Dr. Joyce Krothe retires after 34 years with IUSON
After 34 years of service Dr. Joyce Splann Krothe, Professor and Assistant Dean of the Indiana University School of Nursing in Bloomington, retired in June 2016. With an area of teaching expertise in community health nursing and a focus on community-engaged scholarship, excellence in service has been the hallmark of Joyce’s tenure at Indiana University.
Joyce began her academic career with an associate degree from New York’s Elmira College. She has shared fond memories of how she learned community health nursing while earning her baccalaureate degree at Columbia University in much the same way Lilian Wald did, visiting patients in the tenements of New York City. A job offer from Indiana University’s geology department to her late husband, Dr. Noel Krothe, brought Joyce to Bloomington. After completing her Master’s in Nursing Science degree from Indiana University in 1982, Joyce joined the faculty as a visiting lecturer. She rose through the ranks to assume the position of Bloomington Campus Nursing Program Director in 1991. A year later, in 1992, she completed her doctoral degree with a major in health policy. Joyce’s position as program director evolved to that of Assistant Dean in 2006, and she earned the rank of full professor in 2007.
Joyce has served as the president of the Association of Community Health Nursing Educators and as chair of the Quad Council of Public Health Nursing Organizations. She has presented and published widely on community development models and improving access to care. As a co-author of the “Quad Council Competencies for Public Health Nurses,” Joyce literally helped set standards for entry level, advanced, and executive public health nurses which are used in both practice and educational settings.
Joyce’s expertise in community health nursing is far more than theoretical. Her proudest professional achievement was helping to found the Brown County Health Support Clinic in 1996 and serving as its director until 2007. Funded by Indiana State Department of Health, Preventive Health and Health Services Block Grants, the nurse-managed clinic was created to meet the health needs of the under/uninsured residents of that rural Indiana county. Unlike urgent care clinics, the Health Support Clinic focused on prevention and health maintenance. Clients were encouraged to make regular visits and frequently received prescription drug assistance. Initially the clinic operated out of nurses’ offices in community schools. After four years of traveling among sites, the clinic found its first stable home as the “log cabin clinic” in Bean Blossom.
The impact of the Brown County Health Support Clinic over its 11 years of operation was tremendous. At one point the clinic was estimated to serve one-third of Brown County residents who needed primary health care but could not afford it. It also provided a venue for community health education for our nursing students for many years. The clinic served as a model for nurse-managed clinics world-wide including being adopted by the International Council of Nurses in Geneva, Switzerland and the World Health Organization’s Eastern Mediterranean Region branch. Joyce served as a consultant to faculty at Massey University, New Zealand to help establish the first nurse-managed school-based clinic in the country while on sabbatical leave in 2000 and 2007.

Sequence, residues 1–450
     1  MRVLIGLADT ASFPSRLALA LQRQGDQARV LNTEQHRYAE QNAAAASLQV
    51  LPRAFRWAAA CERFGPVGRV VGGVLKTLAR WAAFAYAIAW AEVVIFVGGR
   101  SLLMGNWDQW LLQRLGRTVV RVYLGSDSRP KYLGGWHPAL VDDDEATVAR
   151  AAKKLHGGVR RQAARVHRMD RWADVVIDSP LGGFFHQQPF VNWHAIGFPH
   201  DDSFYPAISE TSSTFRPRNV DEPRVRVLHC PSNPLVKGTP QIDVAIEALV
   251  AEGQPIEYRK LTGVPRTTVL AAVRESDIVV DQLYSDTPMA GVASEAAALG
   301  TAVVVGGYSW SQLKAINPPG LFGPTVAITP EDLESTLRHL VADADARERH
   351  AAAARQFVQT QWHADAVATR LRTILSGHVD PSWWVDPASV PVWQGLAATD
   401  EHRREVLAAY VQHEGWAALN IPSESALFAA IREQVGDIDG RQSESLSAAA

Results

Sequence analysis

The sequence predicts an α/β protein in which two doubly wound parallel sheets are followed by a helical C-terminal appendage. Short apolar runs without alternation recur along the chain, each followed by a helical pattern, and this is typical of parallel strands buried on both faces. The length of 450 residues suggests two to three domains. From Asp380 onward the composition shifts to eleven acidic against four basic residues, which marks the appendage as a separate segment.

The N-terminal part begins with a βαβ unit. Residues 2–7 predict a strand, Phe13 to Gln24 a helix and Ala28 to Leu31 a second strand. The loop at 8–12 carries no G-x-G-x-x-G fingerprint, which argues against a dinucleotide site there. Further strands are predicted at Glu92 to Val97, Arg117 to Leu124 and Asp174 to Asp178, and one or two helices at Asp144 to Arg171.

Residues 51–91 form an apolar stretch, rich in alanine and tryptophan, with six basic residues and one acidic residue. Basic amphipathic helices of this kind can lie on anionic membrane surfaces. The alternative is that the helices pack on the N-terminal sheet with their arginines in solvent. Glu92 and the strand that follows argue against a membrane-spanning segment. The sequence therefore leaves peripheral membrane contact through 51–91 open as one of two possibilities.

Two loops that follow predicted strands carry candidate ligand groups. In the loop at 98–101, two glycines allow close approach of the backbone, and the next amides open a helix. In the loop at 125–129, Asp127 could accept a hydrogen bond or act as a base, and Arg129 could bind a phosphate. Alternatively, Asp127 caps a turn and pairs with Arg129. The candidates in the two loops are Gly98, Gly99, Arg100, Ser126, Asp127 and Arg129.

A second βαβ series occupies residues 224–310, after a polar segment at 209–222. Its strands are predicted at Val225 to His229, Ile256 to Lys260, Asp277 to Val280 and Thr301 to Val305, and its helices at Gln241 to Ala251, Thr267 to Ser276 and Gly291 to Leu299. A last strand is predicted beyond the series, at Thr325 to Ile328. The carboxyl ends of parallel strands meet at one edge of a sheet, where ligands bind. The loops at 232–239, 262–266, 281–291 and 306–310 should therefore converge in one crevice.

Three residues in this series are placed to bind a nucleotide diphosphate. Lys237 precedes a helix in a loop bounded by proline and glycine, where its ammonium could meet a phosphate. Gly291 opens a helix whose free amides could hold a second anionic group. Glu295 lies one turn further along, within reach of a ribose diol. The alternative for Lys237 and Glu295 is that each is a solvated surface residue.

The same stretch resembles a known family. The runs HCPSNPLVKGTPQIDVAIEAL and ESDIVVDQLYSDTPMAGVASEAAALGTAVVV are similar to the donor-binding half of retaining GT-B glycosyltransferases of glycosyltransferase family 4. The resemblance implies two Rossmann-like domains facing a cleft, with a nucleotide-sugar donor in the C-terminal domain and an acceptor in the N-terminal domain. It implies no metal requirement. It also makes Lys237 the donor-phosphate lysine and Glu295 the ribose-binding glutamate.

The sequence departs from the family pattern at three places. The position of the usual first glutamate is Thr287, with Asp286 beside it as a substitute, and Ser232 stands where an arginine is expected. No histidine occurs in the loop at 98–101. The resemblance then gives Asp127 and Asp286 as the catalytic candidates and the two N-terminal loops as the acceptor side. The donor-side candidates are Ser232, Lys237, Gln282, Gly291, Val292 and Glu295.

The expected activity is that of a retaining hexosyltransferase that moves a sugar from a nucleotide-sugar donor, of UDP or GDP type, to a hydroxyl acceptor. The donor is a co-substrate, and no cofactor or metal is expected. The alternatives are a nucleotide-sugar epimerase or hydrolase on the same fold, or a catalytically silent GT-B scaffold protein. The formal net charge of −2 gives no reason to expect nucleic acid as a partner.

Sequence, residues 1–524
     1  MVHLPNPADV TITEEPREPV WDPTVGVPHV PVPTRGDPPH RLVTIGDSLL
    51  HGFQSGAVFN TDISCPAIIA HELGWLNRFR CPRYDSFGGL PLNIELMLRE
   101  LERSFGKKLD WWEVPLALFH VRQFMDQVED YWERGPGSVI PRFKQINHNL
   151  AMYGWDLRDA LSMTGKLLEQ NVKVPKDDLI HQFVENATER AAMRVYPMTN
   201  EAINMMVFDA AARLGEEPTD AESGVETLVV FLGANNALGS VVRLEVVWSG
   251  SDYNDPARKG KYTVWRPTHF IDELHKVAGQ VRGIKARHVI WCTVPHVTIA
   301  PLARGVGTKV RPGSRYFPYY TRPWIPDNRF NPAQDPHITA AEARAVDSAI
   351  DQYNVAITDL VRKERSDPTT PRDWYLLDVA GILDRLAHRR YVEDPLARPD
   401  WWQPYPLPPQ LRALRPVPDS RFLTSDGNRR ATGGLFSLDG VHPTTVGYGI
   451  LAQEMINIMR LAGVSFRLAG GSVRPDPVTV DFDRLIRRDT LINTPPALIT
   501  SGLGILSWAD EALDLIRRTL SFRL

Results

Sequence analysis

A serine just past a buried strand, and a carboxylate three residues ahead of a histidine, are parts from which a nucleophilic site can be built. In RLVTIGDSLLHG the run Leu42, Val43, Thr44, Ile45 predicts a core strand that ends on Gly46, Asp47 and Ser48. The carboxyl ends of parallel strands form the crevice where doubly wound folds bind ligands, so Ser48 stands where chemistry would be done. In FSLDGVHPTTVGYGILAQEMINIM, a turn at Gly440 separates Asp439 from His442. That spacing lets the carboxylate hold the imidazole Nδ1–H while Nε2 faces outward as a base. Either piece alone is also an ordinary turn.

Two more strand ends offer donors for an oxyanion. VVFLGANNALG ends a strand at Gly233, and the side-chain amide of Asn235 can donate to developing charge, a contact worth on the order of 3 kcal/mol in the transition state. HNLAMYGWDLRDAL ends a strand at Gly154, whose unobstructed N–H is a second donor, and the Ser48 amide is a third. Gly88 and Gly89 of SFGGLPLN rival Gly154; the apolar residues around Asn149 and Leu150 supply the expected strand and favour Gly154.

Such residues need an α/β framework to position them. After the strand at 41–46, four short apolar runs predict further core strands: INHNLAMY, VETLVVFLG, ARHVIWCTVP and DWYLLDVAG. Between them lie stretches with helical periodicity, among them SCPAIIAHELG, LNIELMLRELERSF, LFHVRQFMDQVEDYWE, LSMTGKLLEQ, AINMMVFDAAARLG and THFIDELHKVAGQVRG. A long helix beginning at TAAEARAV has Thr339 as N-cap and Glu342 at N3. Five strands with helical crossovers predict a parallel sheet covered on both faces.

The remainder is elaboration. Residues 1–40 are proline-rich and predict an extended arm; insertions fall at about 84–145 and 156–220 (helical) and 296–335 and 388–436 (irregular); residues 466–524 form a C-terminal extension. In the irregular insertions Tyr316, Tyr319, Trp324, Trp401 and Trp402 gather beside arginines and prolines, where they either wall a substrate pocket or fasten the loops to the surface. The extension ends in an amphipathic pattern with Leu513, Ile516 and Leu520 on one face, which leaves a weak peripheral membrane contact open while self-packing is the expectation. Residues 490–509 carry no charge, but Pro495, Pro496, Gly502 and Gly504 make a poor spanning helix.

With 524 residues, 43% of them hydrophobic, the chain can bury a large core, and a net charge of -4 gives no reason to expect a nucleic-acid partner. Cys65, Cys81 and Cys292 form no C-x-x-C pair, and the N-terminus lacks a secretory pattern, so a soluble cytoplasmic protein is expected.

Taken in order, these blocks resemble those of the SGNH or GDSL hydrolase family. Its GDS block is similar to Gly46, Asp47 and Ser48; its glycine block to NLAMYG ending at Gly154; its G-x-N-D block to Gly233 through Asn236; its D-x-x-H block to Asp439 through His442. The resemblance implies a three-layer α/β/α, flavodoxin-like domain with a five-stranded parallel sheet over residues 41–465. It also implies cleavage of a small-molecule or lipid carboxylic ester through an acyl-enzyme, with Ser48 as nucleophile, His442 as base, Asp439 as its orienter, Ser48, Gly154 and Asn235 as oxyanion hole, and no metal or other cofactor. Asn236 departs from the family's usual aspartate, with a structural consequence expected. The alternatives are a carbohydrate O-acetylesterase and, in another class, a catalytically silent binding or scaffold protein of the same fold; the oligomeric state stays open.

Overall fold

In the years under Joyce’s leadership the IUB Nursing program grew from offering courses to small cohorts through the junior year to admitting 60 full-time students annually who could complete their entire education in Bloomington. In 2010 the campus added an online RN-BSN completion program through a statewide consortium. Understanding that modern methods were needed to teach nurses to practice in complex environments, Joyce partnered with the Medical Sciences Department to create a high-fidelity interdisciplinary simulation lab. The Bloomington sim lab is host to numerous disciple- specific and inter-professional educational activities that give students a chance practice providing care in a safe environment.
In the face of a national nursing faculty shortage, Joyce takes great pride in her small faculty and credits them with the campus’s outstanding national licensure pass rates. She has actively supported them as they pursued terminal degree resulting in an increase in the number of doctoral prepared faculty from 2 in 2005 to 9 in 2015.
The magnitude of Joyce’s service efforts has been recognized with multiple awards including the American Public Health Association’s Public Health Nurse Creative Achievement Award, the Indiana State Department of Health’s Rural Health Award for Distinguished Community Service, the Tony and Mary Hulman Achievement Award for Preventative Medicine and Public Health, the Indiana University Thomas Ehrlich Award for Service-Learning, the Indiana Alumni Association Distinguished Service Award, Association of Community Health Nursing Educators, Outstanding Contributions to Community Health/Public Health Nursing Practice Award. At their 100 year celebration, the School of Nursing named Joyce one of their Legacy Leaders based on her tremendous contributions to the school, the profession, and the public.
Before retiring, Joyce completed one more act of service by conducting a large-scale community assessment that will serve as the basis for establishing an inter-professional project to meet health needs of residents in Monroe and surrounding counties. Joyce plans to travel and spend more time in her Colorado mountain home with her family and five grandchildren in the years to come. We thank this School of Nursing matriarch for providing the vision to help us grow and for setting an example of how nurses can truly make a difference.